By Zaldy Dandan
R.I.P. (human) author
Saipan — In the summer of 2020, amid the Covid-19 global onslaught, the Wall Street Journal reported the rollout of an artificial intelligence system with an innocuous if not boring name: GPT-3. Generative Pre-trained Transformer, third generation.
There are other artificial intelligence tools that can produce quite convincing fake news stories in just a few seconds. But GPT-3, to quote celebrity Chef Emeril Lagasse, kicks it up a notch. GPT-3’s “ability to interact in English and generate coherent writing have been startling hardened experts.” It can “use and understand language as well as human beings do.”
How good is it?
“Research released by its maker, San Francisco- based OpenAI, has found that GPT-3 can work out analogy questions from the old SAT with better results than the average college applicant. It can generate news articles that readers may have trouble distinguishing from human-written ones.
“And it can do tasks its creators never thought about. [T]esters…have found that it can complete a half-written investment memo, produce stories and letters written in the style of famous people, generate business ideas and even write certain kinds of software code based on a plain-English description of the desired software.”
GPT-3 can also simplify English. Author David Price, who wrote the WSJ article about GPT-3, said he gave the technology a trial run: “I copied and pasted the first paragraph of George Washington’s 1796 Farewell Address: ‘The period for a new election of a citizen to administer the executive government of the United States being not far distant, and the time actually arrived when your thoughts must be employed in designating the person who is to be clothed with that important trust, it appears to me proper, especially as it may conduce to a more distinct expression of the public voice, that I should now apprise you of the resolution I have formed, to decline being considered among the number of those out of whom a choice is to be made.’”
GPT-3’s translation: “I am not going to run for president.”
Price said for “a range of knowledge workers — news reporters, lawyers, coders and others — the introduction of systems like GPT-3 will likely shift their activities from drafting to editing…. It’s simple enough just to keep clicking GPT-3’s ‘generate’ button until something halfway usable appears.”
In the case of newspaper editors, they can simply enter into the system the facts, data, quotes, etc. provided by reporters, and voila! A grammatically correct, competently written, informative and fact-checked news report is ready for publishing. A journalistic dream come true.
But why stop there? If artificial intelligence, which is ever improving, can eventually (if not already) “replace” reporters, what’s stopping it from creating literature? Poetry, for instance, especially verse that is metered and rhymes. For essays and novels, the writer will, again, put in his ideas, themes, plot line, dialogues etc., and the AI system will turn them into a readable, well-structured draft.
Will it be the end of writing style as we know it?
These two passages from two iconic writers were used as examples of style by that enduring manual on the principles of the English language, Strunk & White’s “The Elements of Style”:
“He did not still feel week, he was merely luxuriating in that supremely gutful lassitude of convalescence in which time, hurry, doing, did not exist, the accumulating seconds and minutes and hours to which in its well state the body’s slave both waking and sleeping, now reversed and time now the lip-server and mendicant to the body’s pleasure instead of the body thrall to time’s headlong course.”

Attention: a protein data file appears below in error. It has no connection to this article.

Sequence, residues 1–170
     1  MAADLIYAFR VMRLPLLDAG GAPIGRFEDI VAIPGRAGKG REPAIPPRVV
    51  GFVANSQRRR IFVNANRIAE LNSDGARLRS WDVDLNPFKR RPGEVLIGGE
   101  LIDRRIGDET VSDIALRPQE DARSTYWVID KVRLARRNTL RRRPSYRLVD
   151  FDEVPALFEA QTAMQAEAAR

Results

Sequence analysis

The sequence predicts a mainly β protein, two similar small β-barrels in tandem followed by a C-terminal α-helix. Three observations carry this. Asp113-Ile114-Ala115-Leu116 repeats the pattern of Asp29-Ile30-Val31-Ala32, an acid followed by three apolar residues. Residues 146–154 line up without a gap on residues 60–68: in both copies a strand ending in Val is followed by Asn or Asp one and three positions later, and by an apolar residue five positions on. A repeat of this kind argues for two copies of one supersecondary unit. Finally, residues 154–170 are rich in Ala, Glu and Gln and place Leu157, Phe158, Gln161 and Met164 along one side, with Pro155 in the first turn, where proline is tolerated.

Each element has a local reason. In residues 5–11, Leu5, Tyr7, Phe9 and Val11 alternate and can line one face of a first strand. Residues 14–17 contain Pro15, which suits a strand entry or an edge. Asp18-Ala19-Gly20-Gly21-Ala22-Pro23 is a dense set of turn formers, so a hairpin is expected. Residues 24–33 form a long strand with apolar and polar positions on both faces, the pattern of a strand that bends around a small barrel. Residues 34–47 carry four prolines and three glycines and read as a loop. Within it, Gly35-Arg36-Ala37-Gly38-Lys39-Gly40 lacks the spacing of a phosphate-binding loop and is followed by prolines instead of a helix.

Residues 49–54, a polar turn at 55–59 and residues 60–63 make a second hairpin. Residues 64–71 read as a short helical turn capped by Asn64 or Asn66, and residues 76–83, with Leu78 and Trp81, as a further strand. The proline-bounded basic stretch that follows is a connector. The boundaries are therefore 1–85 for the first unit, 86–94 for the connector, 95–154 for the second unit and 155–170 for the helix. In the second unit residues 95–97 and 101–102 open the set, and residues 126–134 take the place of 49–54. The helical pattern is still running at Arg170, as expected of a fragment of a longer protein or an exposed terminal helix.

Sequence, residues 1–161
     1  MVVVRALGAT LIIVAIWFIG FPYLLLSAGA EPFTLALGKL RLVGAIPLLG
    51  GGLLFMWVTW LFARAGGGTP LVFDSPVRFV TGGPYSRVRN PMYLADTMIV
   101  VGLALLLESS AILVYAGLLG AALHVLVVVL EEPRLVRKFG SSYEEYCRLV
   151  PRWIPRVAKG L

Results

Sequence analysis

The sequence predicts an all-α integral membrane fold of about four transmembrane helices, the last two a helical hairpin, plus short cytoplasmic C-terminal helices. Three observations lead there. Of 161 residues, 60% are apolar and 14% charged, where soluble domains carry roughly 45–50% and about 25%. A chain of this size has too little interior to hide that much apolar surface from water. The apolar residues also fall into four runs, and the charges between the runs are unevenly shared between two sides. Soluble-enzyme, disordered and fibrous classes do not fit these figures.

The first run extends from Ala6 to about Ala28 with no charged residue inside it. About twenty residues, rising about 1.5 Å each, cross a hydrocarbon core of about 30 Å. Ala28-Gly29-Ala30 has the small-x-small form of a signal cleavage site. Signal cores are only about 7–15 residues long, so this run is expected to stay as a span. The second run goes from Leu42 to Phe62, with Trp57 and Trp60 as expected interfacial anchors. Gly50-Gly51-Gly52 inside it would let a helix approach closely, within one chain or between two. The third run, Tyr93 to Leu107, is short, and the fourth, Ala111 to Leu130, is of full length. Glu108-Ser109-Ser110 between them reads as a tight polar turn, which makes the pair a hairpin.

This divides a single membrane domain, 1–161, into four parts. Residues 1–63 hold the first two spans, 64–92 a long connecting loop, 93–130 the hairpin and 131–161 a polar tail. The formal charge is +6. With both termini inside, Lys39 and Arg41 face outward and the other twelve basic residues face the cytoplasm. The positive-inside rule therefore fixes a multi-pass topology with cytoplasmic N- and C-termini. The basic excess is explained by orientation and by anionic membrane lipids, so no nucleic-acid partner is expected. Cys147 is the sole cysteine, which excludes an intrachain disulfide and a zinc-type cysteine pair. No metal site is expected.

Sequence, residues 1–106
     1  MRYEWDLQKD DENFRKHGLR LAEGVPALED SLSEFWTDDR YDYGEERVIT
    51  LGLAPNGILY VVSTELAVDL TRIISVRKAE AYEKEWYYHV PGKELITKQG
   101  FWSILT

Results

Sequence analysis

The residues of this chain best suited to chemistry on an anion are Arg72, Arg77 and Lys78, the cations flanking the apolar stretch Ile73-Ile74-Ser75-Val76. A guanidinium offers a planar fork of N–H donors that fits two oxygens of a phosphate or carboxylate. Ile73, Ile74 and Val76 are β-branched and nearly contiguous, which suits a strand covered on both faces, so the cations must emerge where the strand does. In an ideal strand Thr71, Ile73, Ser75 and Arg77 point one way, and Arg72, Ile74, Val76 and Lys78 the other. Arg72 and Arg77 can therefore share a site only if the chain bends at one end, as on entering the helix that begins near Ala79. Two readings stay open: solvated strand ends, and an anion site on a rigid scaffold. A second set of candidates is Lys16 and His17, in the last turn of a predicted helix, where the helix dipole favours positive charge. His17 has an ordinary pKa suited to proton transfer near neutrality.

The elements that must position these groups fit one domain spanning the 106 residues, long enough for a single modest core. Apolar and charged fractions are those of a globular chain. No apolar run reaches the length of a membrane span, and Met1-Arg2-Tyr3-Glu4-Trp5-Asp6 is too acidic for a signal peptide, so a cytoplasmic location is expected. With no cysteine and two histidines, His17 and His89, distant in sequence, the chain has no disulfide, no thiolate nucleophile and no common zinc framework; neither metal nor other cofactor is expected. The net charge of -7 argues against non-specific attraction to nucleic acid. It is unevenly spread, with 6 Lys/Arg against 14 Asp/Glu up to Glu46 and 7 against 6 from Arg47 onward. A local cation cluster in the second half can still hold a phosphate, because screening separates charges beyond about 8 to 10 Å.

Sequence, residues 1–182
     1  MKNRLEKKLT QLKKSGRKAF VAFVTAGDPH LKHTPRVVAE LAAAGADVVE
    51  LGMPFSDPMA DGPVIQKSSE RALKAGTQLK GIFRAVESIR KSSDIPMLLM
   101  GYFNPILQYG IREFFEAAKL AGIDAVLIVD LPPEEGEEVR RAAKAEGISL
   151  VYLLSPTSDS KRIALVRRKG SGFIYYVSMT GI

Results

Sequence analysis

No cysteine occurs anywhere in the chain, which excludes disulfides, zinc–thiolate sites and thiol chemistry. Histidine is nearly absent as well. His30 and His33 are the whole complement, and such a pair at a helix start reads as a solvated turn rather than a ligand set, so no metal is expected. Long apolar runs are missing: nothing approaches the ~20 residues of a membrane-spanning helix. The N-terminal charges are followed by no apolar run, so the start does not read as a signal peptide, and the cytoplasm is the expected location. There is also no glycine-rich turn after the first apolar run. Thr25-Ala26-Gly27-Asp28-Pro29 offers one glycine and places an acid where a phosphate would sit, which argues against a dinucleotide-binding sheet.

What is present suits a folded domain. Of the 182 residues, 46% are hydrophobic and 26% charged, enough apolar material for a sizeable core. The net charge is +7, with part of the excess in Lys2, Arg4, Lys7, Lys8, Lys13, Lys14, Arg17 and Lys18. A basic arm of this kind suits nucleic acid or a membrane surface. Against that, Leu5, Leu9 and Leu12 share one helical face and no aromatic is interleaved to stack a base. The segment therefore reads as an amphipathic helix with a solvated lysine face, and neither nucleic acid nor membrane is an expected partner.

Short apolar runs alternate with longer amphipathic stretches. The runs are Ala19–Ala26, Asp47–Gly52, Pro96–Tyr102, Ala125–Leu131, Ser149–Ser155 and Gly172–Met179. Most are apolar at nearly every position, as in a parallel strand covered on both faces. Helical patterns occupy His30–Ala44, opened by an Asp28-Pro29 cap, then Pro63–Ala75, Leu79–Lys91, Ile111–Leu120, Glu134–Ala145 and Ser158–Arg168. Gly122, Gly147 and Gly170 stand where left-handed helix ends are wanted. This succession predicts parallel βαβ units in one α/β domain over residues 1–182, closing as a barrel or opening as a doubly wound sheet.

That was Faulkner on languor.
Here’s Hemingway:“Manuel drank his brandy. He felt sleepy himself. It was too hot to go out into the town. Besides there was nothing to do. He wanted to see Zurito. He would go to sleep while he waited.”
Writing or literary style is neither “technique” nor “tricks.” Style is the writer. How s/he sees the world. The way s/he thinks. The attitudes, as E.B. White would put it, of his/her mind.
So I wonder. Can an AI system, however powerful, write with style? That is, with a distinct personality and a singular vision? Only Faulkner and Hemingway could write the passages mentioned above. Likewise, F. Scott Fitzgerald alone could write the following:
“His heart beat faster and faster as Daisy’s white face came up to his own. He knew that when he kissed this girl, and forever wed his unutterable vision to her perishable breath, his mind would never romp again. So he waited, listening for a moment longer to the tuning fork that had been struck upon a star. Then he kissed her. At his lips’ touch she blossomed for him like a flower and the incarnation was complete.
“Through all he said, even through his appalling sentimentality, I was reminded of something — an elusive rhythm, a fragment of lost words, that I had heard somewhere a long time ago. For a moment a phrase tried to take shape in my mouth and my lips parted like a dumb man’s, as though there was more struggling upon them than a wisp of startled air. But they made no sound, and what I had almost remembered was uncommunicable forever.”
A writing machine powered by an ever-improving artificial intelligence will end the tyranny of the black screen. It could also mean the death of the (human) author. But once we reached that point of human history, will anyone know what they’re missing?
Nowadays, besides their manufacturers and collectors, does anyone care that typewriters are all but obsolete?
Zaldy Dandan is editor of the NMI’s oldest newspaper, Marianas Variety, and author of three books available on amazon.com. Send feedback to email@example.com